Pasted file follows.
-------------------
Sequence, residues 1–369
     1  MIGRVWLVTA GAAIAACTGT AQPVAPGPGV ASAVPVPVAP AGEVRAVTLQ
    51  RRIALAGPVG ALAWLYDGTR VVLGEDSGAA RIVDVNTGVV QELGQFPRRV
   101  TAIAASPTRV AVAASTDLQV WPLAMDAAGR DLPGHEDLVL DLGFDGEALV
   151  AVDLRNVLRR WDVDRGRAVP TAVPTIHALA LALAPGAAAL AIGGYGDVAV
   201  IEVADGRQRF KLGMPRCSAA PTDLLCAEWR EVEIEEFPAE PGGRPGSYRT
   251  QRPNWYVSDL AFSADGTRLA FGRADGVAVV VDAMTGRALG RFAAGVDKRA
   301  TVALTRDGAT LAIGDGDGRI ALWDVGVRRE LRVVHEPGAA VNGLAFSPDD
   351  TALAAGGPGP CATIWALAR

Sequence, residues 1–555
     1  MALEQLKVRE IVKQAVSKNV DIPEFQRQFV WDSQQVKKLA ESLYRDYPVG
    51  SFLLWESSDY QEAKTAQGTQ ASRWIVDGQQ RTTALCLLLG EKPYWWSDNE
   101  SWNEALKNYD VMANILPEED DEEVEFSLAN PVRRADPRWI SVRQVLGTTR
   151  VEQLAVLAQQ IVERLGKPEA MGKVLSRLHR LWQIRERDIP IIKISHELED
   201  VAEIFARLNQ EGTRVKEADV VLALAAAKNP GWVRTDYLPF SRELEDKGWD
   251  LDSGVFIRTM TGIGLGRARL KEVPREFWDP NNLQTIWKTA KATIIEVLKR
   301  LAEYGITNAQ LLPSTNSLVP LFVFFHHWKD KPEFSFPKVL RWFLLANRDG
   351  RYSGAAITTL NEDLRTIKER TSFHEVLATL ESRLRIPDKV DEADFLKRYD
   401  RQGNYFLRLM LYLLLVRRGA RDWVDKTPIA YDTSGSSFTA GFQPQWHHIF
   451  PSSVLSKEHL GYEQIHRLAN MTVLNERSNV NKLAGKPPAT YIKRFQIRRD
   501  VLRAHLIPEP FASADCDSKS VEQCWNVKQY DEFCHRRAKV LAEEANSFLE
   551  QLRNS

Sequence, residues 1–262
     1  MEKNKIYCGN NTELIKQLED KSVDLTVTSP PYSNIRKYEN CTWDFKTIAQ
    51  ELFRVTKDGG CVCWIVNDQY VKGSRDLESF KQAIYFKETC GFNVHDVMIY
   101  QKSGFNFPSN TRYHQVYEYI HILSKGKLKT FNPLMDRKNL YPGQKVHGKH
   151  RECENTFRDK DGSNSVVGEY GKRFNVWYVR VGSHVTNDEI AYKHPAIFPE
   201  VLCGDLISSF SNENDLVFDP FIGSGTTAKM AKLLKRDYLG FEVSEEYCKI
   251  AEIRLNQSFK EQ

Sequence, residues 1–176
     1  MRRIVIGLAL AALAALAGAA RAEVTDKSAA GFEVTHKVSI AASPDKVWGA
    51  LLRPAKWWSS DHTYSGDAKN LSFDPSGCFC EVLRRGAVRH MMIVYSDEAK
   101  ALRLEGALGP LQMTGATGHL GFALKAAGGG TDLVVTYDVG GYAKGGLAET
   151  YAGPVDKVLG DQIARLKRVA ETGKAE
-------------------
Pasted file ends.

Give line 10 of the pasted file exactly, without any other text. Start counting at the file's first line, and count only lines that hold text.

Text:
Sequence, residues 1–555